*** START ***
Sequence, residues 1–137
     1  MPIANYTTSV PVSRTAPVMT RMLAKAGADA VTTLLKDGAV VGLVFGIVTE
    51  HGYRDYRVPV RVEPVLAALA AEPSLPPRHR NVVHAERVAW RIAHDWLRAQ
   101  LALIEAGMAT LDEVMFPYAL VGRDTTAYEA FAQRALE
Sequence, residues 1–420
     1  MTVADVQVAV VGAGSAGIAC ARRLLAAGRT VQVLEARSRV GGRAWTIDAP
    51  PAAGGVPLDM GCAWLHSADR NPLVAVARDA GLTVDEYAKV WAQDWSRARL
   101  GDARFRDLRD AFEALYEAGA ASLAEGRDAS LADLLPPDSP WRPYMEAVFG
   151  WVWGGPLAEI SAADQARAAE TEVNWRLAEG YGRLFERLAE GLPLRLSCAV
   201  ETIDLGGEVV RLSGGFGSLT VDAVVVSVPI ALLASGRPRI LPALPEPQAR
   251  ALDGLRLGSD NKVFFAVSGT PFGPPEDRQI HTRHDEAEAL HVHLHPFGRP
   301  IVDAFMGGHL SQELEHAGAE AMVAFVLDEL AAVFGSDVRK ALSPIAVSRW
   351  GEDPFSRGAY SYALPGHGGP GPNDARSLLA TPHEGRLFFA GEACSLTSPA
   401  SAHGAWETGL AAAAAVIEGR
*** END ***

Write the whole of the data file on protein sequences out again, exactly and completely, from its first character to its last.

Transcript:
Sequence, residues 1–137
     1  MPIANYTTSV PVSRTAPVMT RMLAKAGADA VTTLLKDGAV VGLVFGIVTE
    51  HGYRDYRVPV RVEPVLAALA AEPSLPPRHR NVVHAERVAW RIAHDWLRAQ
   101  LALIEAGMAT LDEVMFPYAL VGRDTTAYEA FAQRALE
Sequence, residues 1–420
     1  MTVADVQVAV VGAGSAGIAC ARRLLAAGRT VQVLEARSRV GGRAWTIDAP
    51  PAAGGVPLDM GCAWLHSADR NPLVAVARDA GLTVDEYAKV WAQDWSRARL
   101  GDARFRDLRD AFEALYEAGA ASLAEGRDAS LADLLPPDSP WRPYMEAVFG
   151  WVWGGPLAEI SAADQARAAE TEVNWRLAEG YGRLFERLAE GLPLRLSCAV
   201  ETIDLGGEVV RLSGGFGSLT VDAVVVSVPI ALLASGRPRI LPALPEPQAR
   251  ALDGLRLGSD NKVFFAVSGT PFGPPEDRQI HTRHDEAEAL HVHLHPFGRP
   301  IVDAFMGGHL SQELEHAGAE AMVAFVLDEL AAVFGSDVRK ALSPIAVSRW
   351  GEDPFSRGAY SYALPGHGGP GPNDARSLLA TPHEGRLFFA GEACSLTSPA
   401  SAHGAWETGL AAAAAVIEGR